b. the immediate antecedents that may influence the behavior (e.g., the teacher’s instruction; another student’s teasing)

c. the behavior (e.g., hitting, yelling – described across observers)

d. the consequences or events that follow the behavior and that may increase or decrease the likelihood of the behavior occurring again in the future (e.g., acting out resulted in removal from an undesirable activity)

2. Prevention Plans: Behavior intervention and support plans highlight prevention of behavioral difficulties and early intervention when difficulties are emerging, rather than ongoing reaction to the student’s negative behavior. For example, if the student uses negative behavior to escape difficult academic work, staff should find ways to make the work doable in the eyes of the student (e.g., more collaboration with the student in doing the work: “We can do this together”) so that the negative behavior will be unnecessary.

3. Capacity and Skill: Intervention plans focus on building the student’s skill and capacity in order to make problem behaviors irrelevant or unnecessary: For example, if a student uses negative behavior to escape certain tasks, Step 1 would be to teach a positive communication alternative to the negative behavior (e.g., saying “I need help” or “I need a break” rather than hitting). Step 2 would be to build capacity and tolerance so that the student could participate in the activities that he previously used negative behavior to escape.

4. Meaningful Participation: Intervention plans that focus on meaningful engagement in chosen life activities are a core element in order to prevent difficulties. Staff and families should analyze the student’s schedule to ensure that there are ample opportunities for participation in activities that the student considers meaningful.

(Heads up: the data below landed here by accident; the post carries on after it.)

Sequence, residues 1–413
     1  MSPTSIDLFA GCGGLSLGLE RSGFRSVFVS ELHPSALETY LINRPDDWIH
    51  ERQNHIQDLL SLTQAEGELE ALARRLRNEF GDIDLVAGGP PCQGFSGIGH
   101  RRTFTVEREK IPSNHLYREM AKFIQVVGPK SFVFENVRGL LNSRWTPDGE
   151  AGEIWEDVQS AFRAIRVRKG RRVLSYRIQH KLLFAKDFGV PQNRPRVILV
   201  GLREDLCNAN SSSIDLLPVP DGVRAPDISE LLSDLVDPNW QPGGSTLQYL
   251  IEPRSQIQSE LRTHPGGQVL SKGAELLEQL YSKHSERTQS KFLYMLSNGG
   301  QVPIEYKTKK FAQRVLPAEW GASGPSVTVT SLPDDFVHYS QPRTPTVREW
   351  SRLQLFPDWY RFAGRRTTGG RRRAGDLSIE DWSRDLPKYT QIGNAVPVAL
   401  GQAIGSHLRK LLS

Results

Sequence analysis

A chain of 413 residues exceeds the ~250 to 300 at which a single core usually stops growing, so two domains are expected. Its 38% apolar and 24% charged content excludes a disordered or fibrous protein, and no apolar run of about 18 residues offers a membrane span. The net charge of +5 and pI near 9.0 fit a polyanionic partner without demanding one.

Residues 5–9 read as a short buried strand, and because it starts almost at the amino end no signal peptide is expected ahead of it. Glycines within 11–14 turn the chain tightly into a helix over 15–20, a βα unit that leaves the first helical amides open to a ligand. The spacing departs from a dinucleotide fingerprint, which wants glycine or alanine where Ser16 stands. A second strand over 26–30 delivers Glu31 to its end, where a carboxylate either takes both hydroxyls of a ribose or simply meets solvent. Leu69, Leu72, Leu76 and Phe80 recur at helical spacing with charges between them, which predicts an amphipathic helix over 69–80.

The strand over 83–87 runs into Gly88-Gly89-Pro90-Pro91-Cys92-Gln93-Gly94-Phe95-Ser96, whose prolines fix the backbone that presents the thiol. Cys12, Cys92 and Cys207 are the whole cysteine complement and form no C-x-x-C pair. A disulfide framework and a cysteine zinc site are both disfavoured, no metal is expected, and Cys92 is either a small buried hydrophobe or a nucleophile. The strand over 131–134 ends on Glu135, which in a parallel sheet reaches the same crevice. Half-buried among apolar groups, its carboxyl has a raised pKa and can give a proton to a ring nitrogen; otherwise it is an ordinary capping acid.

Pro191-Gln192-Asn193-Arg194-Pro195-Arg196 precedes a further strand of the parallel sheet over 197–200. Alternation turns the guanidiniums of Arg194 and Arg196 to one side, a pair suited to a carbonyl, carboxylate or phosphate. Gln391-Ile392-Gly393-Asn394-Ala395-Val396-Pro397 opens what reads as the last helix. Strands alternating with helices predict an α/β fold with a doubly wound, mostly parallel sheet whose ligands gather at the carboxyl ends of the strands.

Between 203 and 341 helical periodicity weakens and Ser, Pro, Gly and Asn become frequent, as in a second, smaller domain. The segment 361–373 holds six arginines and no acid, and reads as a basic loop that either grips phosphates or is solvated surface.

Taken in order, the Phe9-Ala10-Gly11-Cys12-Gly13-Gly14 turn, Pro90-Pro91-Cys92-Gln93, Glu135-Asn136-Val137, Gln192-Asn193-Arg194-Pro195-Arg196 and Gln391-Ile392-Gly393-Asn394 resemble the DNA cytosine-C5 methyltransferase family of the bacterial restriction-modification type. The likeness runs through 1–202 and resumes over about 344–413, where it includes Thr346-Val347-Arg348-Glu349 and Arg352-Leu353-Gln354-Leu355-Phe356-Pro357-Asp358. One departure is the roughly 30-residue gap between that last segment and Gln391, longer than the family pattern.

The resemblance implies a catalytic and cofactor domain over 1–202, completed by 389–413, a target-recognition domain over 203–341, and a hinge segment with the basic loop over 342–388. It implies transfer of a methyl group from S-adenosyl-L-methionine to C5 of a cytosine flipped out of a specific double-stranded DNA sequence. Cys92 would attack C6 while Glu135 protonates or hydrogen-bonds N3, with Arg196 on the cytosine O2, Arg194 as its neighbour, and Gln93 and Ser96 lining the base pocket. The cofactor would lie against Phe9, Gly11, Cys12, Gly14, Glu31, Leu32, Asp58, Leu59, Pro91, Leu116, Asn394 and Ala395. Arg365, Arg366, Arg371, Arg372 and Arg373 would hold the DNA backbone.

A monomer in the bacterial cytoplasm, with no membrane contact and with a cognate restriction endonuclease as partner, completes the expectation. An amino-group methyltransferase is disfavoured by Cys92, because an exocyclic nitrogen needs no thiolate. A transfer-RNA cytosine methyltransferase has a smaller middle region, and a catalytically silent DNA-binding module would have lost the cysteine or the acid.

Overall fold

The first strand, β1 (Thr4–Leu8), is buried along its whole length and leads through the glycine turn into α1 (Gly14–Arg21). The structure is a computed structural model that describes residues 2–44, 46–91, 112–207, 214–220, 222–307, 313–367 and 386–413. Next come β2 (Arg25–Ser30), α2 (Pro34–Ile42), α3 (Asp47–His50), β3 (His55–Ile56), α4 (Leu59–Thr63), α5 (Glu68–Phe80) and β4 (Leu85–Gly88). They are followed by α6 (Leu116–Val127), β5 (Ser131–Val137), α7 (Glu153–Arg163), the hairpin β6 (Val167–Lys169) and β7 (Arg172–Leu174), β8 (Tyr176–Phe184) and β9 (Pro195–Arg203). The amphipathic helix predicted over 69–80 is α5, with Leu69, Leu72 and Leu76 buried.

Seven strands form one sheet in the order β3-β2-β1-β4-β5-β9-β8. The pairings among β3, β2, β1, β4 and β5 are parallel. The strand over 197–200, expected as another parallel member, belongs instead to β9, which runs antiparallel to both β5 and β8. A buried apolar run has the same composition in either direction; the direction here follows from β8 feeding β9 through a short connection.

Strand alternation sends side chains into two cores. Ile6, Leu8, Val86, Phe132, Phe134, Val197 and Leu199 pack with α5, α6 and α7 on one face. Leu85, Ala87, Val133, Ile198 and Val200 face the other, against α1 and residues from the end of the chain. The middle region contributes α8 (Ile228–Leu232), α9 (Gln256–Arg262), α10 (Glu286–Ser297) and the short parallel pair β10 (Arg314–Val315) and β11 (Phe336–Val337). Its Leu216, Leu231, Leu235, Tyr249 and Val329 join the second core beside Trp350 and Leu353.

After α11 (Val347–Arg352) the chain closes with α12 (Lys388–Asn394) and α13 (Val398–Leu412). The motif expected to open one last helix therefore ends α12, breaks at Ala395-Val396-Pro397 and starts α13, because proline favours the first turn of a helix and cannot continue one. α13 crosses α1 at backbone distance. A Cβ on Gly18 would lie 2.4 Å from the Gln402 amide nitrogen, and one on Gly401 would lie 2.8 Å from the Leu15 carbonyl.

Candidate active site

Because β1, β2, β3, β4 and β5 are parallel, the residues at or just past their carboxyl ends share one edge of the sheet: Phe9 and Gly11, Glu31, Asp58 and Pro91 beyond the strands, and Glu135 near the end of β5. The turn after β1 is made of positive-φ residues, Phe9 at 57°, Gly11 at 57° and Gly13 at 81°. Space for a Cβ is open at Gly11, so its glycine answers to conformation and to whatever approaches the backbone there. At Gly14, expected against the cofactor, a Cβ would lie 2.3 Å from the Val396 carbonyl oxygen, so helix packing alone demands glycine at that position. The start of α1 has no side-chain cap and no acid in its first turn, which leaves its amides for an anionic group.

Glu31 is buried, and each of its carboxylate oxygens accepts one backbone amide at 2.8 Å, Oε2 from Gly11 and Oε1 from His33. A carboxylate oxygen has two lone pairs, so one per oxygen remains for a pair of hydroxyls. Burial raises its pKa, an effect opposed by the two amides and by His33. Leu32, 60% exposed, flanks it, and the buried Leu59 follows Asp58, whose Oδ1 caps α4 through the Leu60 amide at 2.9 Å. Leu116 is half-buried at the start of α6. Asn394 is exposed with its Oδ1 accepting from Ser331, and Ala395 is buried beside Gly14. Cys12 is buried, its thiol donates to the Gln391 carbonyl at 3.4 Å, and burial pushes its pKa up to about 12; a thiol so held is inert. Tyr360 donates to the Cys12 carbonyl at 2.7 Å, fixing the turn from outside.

5. Context: As much as possible, the behavioral interventions and supports should be delivered in the settings and within the activities in which the student has behavioral difficulties.

6. Involvement of the Student and Relevant Everyday People: Intervention plans should include the involvement of all who have a stake in the outcomes, including the student, his family, relevant friends, support staff, and professional staff in collaborative decision making about and implementation of the plans.

7. Reactive Strategies: The behavior support plan should include strategies for reacting to the student’s negative behavior that highlight redirection at the first sign of difficulty and early intervention that is as unobtrusive as possible and includes quick staff disengagement.

8. Errorless Learning Strategies: As much as possible, managing behavior and teaching new skills should be organized in such a way that the student makes few if any errors. [See Errorless Learning] Errorless learning has a cognitive rationale (e.g., students with memory problems often remember and repeat errors) and also a behavioral rationale. Students who experience considerable failure (errors) tend to become discouraged, which increases the likelihood of negative behavior.

Video Illustration of Errorless Learning.
Click HERE.


Specific Intervention and Support Procedures Associated with PBIS

Video Introduction to Positive Behavior Supports Illustrations
Click HERE.

Video Re-enactment: Positive Behavior Supports
Click HERE.

Video Illustration: Positive Behavior Supports
Click HERE.

1. Positive, negotiated, well-understood daily routines: To avoid difficult behaviors associated with confusion or general frustration, daily routines should be clear to the student, organized to maximize strengths, and ideally negotiated with the student. For students who are confused and disorganized, it is useful to have the daily routines at home and at school organized as either sequences of photographs for younger students or visual written schedules in a organizer for older students. These visual supports help make the routines more understandable and concrete.